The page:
Ferrets are near and dear to my heart, as I have one! They are very interesting pets to have. First things first though, something needs clarification! A ferret is not a rodent. I know this can seem a little confusing. I suppose when you really think about it, the majority of small animal pets out there, ARE rodents. Ferrets, however, are not rodents. They are carnivores and have the teeth to match it. Ferrets are members of the weasel family and are related to anything that is a weasel and they are also related to otters.
Ferrets, on the one hand, make for pretty simple pets. They have a fast metabolism which results in their days being mixed with bursts of energy, followed by hours of sleeping. In total, a ferret can easily sleep 20 hours out of the day. A ferret’s lack of activity is made up for the amount of trouble they can get into when they are active. I like to say that a ferret is like having a 2 year old child in your home for the next 7-10 years. They are super curious about everything and persistent about things they want and can’t seem to reach. They aren’t even close to being as agile as a cat, so ferret proofing your home can get really easy by just placing objects you don’t want them to get to at a higher level. You just have to make sure it’s not something they can climb up on.
Like cats, ferrets are carnivores, and they eat food made for ferrets. Many ferret owners however, are more keen on feeding them a raw diet, which consists heavily of chicken parts. They also need to have their claws trimmed when they get too long. This is easily done with a standard pair of nail clippers and I have been shown a trick where you put a liquidy treat (usually a liquid vitamin called Ferretone) on their bellies and as they are busy licking away, you are free to trim their nails with no fuss. Avoid clipping the quick as you would a dog or a cat. Ferret’s nails are translucent, so they are easy to clip.
Ferrets will use a litter box like a cat does, however, they are not always consistent about it. Plus, they differ from cats. Unlike a cat, when a ferret is anywhere in the house, and it needs to use the restroom, it does not go to the location where its litter box is located. Instead, a ferret will use a potty spot in whatever room it happens to be in. Ferrets like to potty in corners, so you can always tell when one has to go, as it will back into a corner with its tail sticking straight up. I have put puppy pads in several corners of my home for ferret potty breaks. He may not be consistent about using the one litter box, but he is consistent with his potty corners.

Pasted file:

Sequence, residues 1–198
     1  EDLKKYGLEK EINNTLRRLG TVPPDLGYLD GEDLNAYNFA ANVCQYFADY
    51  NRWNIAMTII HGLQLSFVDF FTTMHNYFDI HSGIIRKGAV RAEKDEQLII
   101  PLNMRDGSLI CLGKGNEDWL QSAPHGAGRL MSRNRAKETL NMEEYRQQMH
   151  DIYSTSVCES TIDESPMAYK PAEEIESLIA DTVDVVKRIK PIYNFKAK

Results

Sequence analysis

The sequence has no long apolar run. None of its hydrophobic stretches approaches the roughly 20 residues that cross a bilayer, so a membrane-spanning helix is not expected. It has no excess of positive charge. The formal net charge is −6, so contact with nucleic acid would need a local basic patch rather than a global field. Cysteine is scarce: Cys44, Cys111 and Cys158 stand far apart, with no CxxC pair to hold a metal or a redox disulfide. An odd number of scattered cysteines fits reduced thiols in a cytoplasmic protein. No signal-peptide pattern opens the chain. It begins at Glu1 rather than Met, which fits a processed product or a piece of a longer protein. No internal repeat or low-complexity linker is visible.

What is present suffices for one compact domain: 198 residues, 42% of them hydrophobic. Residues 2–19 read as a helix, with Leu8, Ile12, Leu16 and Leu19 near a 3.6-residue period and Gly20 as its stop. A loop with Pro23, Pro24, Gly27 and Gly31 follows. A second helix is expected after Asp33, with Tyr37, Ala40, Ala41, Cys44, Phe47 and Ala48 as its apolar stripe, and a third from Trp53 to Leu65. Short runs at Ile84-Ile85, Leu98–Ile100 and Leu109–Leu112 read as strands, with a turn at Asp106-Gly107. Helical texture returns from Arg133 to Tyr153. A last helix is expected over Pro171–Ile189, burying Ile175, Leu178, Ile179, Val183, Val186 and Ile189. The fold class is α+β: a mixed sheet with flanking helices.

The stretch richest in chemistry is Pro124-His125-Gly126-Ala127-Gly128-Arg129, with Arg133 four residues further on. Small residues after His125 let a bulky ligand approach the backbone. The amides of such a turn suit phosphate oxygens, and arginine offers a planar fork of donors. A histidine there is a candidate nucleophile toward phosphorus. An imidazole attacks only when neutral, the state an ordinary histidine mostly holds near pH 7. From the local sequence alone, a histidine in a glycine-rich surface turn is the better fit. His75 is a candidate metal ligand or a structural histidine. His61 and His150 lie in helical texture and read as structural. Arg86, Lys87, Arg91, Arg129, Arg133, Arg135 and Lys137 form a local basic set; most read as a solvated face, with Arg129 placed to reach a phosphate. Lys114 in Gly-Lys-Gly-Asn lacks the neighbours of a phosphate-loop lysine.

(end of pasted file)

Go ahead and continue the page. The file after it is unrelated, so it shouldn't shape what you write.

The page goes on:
Ferrets are quiet pets as well. They do not make any noises, however, when extremely excited and happy, they make a noise that ferret owners refer to as “dooking”. In some individuals, you can easily hear them “dook” in others, it’s hard to hear the noise.
I can go on and on about ferrets, as I’ve only just touched the tip of the ice break of ferret ownership and facts! It is important to know, that unlike many rodent pets, ferrets are not happy about staying in a cage all day. My ferret, Tobias, is closed in his cage at night (when we are sleeping), but he has the run of the house during the day. Your ferret does not need to be out of its cage all day, but it will need to spend several hours out playing. They are much too curious and active to stay locked in a cage at all times.
This is my favorite video of Tobias. He’s playing with a toy mouse. If you want more Tobias cuteness, he has a Tumblr at Tobiastheferret.tumblr.com. If you have more questions about ferrets, or would like more info, feel free to drop me a message!
© Semi Charmed Life
This post is part of the A to Z Challenge!